By contrast, it is difficult even to conceive of the SaaS layer of cloud computing as a “market” in any meaningful sense. SaaS comprises an extremely varied set of productivity and collaboration tools, such as Microsoft Office 365, Google Workspace (formerly G Suite), and Slack; content management systems (CMS) like WordPress, Wix, and Squarespace; video-conferencing and communication platforms, such as Zoom, Microsoft Teams, and Slack; and cloud-gaming platforms like Microsoft xCloud and PlayStation Now. Like IaaS, SaaS has experienced dramatic expansion, with more than 30,000 providers in operation. Major players include most of the already mentioned companies, as well as industry giants like Cisco, Dell, Salesforce, Databricks, Heroku, Snowflake, Adobe, and Atlassian, among others.

To answer RFI Question #1 regarding the extent to which cloud providers specialize within a layer or operate at multiple layers, all of the major players in IaaS and PaaS (Amazon, Microsoft, Google, etc.) also offer SaaS, but not the other way around. SaaS is a much larger layer, in terms of both the number of companies and amount of revenue. It is the largest cloud-computing segment and has experienced exponential growth, with cloud-software sales escalating from $31 billion in 2015 to an impressive $103 billion in 2020 (see Figure 2 below).

Other research finds similar numbers regarding the dominance of SaaS within cloud computing. Grand View Research finds: “The SaaS segment dominated the industry in 2022 and accounted for the highest share of more than 53.95% of the overall revenue.”[9] Other research finds similar divisions among the layers. [10]

II.      Competitive Dynamics and Innovation in Cloud Computing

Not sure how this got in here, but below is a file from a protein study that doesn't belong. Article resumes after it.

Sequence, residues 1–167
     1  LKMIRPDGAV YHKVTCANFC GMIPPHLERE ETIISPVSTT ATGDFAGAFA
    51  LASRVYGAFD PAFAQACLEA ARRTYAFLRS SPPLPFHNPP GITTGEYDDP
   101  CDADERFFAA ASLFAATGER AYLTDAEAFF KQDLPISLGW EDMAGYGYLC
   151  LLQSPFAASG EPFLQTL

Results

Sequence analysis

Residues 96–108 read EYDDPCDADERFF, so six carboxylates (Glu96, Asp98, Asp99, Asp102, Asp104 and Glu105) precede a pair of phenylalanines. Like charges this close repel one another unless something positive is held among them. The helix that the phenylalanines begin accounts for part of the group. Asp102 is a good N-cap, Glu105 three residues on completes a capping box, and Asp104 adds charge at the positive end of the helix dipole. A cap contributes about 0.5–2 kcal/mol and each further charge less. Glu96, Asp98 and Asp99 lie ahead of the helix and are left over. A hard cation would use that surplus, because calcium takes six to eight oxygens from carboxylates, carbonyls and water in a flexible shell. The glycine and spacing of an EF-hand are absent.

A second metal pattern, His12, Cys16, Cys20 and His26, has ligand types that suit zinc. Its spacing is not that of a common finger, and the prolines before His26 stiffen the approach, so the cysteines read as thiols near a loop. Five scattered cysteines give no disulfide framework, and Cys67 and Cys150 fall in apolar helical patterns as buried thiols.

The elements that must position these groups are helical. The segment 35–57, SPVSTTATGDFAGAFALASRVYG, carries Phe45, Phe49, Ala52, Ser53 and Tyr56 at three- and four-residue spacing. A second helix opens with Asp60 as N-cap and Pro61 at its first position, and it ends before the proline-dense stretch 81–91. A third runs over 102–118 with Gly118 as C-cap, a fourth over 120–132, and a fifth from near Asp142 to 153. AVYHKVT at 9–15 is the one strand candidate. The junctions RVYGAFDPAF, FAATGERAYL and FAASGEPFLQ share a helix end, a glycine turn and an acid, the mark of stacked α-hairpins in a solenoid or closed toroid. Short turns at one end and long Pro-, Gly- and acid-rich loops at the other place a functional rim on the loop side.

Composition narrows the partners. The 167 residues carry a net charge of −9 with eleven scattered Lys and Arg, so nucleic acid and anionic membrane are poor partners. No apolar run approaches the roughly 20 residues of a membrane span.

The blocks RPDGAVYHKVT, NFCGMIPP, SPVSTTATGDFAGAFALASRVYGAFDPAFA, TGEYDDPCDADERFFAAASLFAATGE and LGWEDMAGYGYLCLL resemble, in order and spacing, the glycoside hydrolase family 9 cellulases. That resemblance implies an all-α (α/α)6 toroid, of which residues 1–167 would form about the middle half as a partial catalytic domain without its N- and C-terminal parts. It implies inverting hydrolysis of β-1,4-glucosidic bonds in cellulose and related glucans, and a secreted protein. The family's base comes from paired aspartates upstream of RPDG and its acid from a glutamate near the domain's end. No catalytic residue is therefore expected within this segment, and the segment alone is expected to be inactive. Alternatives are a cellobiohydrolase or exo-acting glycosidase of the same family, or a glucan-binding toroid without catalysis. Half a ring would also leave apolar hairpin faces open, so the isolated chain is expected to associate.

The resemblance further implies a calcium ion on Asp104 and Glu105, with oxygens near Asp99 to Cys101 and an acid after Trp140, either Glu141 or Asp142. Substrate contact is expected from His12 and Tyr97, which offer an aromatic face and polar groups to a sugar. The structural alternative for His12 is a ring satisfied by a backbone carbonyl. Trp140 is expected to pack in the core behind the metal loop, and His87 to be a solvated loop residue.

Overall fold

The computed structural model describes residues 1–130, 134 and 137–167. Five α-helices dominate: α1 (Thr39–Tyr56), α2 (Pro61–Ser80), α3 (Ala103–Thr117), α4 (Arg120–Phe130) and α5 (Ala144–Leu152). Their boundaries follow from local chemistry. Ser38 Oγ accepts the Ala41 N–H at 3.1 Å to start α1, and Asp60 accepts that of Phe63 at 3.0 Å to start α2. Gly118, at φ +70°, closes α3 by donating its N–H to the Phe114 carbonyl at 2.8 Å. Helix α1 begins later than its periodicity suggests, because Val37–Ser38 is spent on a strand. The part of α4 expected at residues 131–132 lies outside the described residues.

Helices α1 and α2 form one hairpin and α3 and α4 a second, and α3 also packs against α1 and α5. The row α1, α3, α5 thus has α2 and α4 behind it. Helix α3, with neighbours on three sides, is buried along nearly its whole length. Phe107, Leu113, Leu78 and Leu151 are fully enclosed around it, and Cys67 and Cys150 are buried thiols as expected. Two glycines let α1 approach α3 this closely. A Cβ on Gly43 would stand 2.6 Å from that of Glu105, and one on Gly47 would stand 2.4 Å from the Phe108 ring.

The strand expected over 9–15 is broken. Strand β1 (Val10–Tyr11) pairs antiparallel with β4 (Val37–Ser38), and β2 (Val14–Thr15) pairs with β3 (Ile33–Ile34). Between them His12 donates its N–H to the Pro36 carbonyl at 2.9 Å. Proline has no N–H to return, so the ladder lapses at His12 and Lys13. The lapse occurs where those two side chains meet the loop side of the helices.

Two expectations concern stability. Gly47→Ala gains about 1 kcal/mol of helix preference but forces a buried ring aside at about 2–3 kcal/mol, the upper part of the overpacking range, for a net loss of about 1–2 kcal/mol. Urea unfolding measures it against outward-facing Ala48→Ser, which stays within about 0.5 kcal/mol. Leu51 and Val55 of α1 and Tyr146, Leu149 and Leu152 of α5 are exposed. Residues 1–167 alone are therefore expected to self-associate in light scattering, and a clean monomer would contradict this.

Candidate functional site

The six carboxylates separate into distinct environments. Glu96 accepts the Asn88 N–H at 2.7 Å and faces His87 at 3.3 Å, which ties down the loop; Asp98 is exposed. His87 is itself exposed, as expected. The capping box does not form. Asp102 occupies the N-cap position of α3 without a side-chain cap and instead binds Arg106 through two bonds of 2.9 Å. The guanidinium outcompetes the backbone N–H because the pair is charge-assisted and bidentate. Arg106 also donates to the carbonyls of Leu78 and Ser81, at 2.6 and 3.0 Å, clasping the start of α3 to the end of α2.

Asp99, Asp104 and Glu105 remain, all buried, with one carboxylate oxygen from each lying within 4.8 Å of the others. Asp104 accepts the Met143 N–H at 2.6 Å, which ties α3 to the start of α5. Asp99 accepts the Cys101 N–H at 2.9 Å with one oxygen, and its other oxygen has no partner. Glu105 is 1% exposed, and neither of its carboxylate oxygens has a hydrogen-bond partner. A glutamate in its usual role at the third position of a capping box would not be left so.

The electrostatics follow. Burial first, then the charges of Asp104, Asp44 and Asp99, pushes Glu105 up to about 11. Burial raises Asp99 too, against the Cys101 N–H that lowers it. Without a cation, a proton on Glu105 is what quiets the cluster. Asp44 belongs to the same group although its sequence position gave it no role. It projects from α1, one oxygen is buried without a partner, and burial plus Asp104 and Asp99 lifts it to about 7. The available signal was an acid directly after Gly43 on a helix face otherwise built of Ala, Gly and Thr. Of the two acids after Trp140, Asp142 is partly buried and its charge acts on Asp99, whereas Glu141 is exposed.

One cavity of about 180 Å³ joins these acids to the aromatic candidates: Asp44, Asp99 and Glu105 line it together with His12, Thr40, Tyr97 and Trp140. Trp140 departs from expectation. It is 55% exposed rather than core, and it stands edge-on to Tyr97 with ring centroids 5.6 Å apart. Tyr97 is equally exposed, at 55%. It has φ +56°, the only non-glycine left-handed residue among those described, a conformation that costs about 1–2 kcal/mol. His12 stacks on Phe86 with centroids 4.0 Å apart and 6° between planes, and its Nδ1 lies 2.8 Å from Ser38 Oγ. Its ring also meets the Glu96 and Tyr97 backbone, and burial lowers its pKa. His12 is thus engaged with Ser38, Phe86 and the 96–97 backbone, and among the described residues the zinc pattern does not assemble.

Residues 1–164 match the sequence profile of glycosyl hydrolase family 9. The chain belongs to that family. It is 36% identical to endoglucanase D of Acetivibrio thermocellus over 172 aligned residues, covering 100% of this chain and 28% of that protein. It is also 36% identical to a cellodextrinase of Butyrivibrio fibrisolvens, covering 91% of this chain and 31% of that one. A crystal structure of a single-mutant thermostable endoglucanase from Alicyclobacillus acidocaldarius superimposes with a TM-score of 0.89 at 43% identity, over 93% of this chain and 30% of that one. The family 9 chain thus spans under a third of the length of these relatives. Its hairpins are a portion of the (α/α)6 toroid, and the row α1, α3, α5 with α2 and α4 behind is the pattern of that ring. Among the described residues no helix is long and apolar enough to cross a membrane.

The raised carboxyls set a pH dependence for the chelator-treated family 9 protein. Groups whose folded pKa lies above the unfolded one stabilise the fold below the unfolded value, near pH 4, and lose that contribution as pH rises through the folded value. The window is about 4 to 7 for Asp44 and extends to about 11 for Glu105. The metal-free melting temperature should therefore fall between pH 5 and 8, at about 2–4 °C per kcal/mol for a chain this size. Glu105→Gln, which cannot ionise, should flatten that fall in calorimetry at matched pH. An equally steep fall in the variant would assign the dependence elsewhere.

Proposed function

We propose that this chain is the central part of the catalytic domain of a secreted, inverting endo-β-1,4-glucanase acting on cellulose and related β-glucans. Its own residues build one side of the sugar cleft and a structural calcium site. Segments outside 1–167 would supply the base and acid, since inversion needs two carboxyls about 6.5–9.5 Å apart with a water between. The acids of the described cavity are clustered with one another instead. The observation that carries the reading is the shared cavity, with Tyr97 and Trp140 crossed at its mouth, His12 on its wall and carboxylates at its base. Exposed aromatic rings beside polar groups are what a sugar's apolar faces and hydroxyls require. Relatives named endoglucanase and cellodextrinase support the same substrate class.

RFI Question #3 asks: “What are the competitive dynamics within and across the different layers of cloud computing?” These will vary by layer. In particular, any analysis of competition within SaaS would have to examine a particular subset of the layer. The subset of personal-storage services, for example, sees competition among Dropbox, Apple’s iCloud, Microsoft’s OneDrive, Google Drive, and many others. For video conferencing, we have competition among Zoom, Microsoft’s Teams, Google Meet, Apple’s FaceTime, Cisco’s Webex, and more.

Question #3 continues: “How does service quality vary between providers operating at one layer vs. providers operating at multiple layers?” While we cannot say much about the competitive dynamics within SaaS overall, as it is not a single, coherent market, we can work through the implications between SaaS and the other layers. Some of the major players in SaaS also provide IaaS and PaaS. They are not the norm, however. For example, Zoom (like most SaaS companies) does not provide the other layers, so it may not exert direct influence in those layers. SaaS is simply much broader. To the extent there is a competitive connection between SaaS and the other layers, it is indirect and manifests through demand for other services. In the other direction, falling prices for IaaS and PaaS increases competition among SaaS providers.

A.      Price Trends for Cloud Services

Beyond the newsworthy stories of big companies switching cloud providers, we see aggregate-level outcomes that indicate competition. Prices are dropping (with a recent exception that we discuss below) and quantity is increasing, both at rapid rates. We have already documented the rapid rise in revenue generated by these markets. Industry forecasts continue to predict significant growth in the coming years. Gartner, for example, forecasts 23% growth for 2023 alone.[11] These revenue-growth trends are particularly remarkable in the face of rapidly falling prices.